NFL PERFORMANCE TO COLLEGE CLUSTER COMPARISON
Cluster Key Characteristics Total Pass Catchers Drafted Player % Supplemental or UDFA % Top 20 Fantasy Season in NFL Overperform ADP Season
1 High Target & Yards in Air 141 15.6% 41.8% 7 20
2 High WAA & Targeted Routes 166 48.2% 27.7% 19 59
3 Field-Stretching Threat 218 17.40% 34.90% 3 17
4 Low aDOT, Designed Targets 242 19.40% 31.00% 4 6
Others 931 5.1% 24.7% 0 6

The path to being drafted and becoming a productive NFL wide receiver comes through one of four college clusters. The other three can be ignored from an NFL perspective as almost no notable NFL players emerged from them. This is worthwhile to point out, as it highlights the model's ability to identify NFL talent through college performance alone. 

Let's take a close look at the other four clusters identifying the hits and misses at the NFL level and draw out the closest comparisons for each prospect's top- and low-end range of outcomes measured by the euclidean distance between the players' principal components. 

HIGH TARGET & AIR YARDS PER GAME CLUSTER

Cluster 1 | Top NFL Players
Player Name Top 20 Fantasy Season in NFL Overperform ADP Season
Stefon Diggs 3 3
Nelson Agholor 0 3
Robby Anderson 2 2
Cooper Kupp 1 2
Jamison Crowder 0 2
Breshad Perriman 0 2

Starting off with Stefon Diggs provides far too much hope for this cluster with few other notable names having impactful performances from a fantasy perspective. Robby Anderson and Cooper Kupp have had moments of fantasy relevance, but they aren’t the follow-up to Diggs that most would hope for. This cohort consistently outperforms their ADP compared to position finish, as they have the lowest total number of players but the second-highest percentage of seasons where they outperformed their ADP by over 10 draft slots.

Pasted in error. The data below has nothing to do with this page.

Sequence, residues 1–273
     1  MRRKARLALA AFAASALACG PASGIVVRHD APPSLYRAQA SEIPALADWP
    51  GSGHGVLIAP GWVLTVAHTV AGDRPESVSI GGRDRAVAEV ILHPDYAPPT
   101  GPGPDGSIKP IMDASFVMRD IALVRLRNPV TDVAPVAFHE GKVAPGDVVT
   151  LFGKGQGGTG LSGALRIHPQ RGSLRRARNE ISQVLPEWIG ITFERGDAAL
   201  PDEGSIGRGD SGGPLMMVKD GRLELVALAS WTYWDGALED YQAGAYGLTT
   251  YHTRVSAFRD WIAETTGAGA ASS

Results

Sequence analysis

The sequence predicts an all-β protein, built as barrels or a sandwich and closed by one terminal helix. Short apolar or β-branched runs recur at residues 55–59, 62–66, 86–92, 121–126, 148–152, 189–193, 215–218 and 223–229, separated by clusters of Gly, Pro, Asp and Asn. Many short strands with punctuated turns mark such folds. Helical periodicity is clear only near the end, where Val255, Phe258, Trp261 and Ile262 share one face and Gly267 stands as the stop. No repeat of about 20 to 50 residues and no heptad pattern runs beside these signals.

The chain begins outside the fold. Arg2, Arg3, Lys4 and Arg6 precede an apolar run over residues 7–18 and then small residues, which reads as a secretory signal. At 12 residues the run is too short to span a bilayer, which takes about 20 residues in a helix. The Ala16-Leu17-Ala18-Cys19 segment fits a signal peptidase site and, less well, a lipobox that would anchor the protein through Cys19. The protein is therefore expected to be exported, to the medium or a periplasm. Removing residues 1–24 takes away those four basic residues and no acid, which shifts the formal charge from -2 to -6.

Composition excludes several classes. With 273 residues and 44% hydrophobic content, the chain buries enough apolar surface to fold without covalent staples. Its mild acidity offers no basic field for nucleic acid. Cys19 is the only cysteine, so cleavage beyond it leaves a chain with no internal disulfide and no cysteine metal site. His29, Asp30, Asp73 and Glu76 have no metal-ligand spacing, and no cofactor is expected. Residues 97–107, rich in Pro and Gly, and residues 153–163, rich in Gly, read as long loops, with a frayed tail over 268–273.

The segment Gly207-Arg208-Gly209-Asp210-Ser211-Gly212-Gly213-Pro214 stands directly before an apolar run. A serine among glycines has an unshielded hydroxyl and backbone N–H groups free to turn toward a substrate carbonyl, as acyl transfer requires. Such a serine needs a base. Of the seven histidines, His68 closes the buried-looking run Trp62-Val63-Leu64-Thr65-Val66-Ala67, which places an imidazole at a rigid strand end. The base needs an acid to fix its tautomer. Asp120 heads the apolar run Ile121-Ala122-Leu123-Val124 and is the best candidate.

Diggs’ fifth-round path to one of the best wide receivers in the NFL is unlikely, as this group is made up of a number of undrafted free agents unable to latch onto an NFL team. The counter to Diggs in this group is Kevin White, with his loftiest of outcomes barely touching Diggs’ expectation. 

Even if a group produces one shining example, it should still be avoided with more reliable groupings producing far more outsized hits from a fantasy perspective. Few highly regarded draft prospects cluster into this group, with Sage Surratt the only notable wide receiver in our top 250 this year. There are quite a few reasons to avoid Surratt in all fantasy formats, especially after ending up in a less-than-impressive cluster for this exercise. 

HIGH WAA & TARGETED ROUTE CLUSTER

Cluster 2 | Top NFL Players
Player Name Top 20 Fantasy Season in NFL Overperform ADP Season
Tyler Lockett 3 5
Amari Cooper 3 0
JuJu Smith-Schuster 2 2
Kenny Golladay 2 2
Calvin Ridley 2 2
A.J. Brown 2 1
Chris Godwin 1 3
Courtland Sutton 1 2
D.J. Moore 1 2
Tyler Boyd 1 1
Justin Jefferson 1 1
CeeDee Lamb 0 1
Corey Davis 0 1
Tee Higgins 0 1
Diontae Johnson 0 1
Deebo Samuel 0 1
Laviska Shenault Jr. 0 1
Will Fuller V 0 1
Chase Claypool 0 1

This is the ideal prospect cluster, with almost 50% of entries being taken in the NFL draft. This is essentially a who’s who of up and coming wide receivers in the NFL, with talent heavily concentrated on this cohort.